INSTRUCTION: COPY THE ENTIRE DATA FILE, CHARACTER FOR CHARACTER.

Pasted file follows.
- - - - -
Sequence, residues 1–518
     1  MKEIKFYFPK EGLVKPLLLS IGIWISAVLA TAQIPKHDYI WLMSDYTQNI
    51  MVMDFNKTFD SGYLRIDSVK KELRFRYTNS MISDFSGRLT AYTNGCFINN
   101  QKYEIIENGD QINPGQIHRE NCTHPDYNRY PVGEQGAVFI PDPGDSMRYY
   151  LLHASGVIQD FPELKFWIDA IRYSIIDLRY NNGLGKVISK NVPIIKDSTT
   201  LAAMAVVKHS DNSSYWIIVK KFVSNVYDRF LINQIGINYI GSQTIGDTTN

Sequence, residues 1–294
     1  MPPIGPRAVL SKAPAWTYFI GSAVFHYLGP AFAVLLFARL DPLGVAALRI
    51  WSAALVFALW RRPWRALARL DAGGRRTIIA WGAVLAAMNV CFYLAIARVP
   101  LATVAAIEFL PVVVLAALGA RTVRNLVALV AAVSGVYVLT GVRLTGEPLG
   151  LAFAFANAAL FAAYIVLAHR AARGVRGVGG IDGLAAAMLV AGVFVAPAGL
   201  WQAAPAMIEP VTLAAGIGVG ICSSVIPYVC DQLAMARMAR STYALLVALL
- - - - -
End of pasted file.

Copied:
Sequence, residues 1–518
     1  MKEIKFYFPK EGLVKPLLLS IGIWISAVLA TAQIPKHDYI WLMSDYTQNI
    51  MVMDFNKTFD SGYLRIDSVK KELRFRYTNS MISDFSGRLT AYTNGCFINN
   101  QKYEIIENGD QINPGQIHRE NCTHPDYNRY PVGEQGAVFI PDPGDSMRYY
   151  LLHASGVIQD FPELKFWIDA IRYSIIDLRY NNGLGKVISK NVPIIKDSTT
   201  LAAMAVVKHS DNSSYWIIVK KFVSNVYDRF LINQIGINYI GSQTIGDTTN

Sequence, residues 1–294
     1  MPPIGPRAVL SKAPAWTYFI GSAVFHYLGP AFAVLLFARL DPLGVAALRI
    51  WSAALVFALW RRPWRALARL DAGGRRTIIA WGAVLAAMNV CFYLAIARVP
   101  LATVAAIEFL PVVVLAALGA RTVRNLVALV AAVSGVYVLT GVRLTGEPLG
   151  LAFAFANAAL FAAYIVLAHR AARGVRGVGG IDGLAAAMLV AGVFVAPAGL
   201  WQAAPAMIEP VTLAAGIGVG ICSSVIPYVC DQLAMARMAR STYALLVALL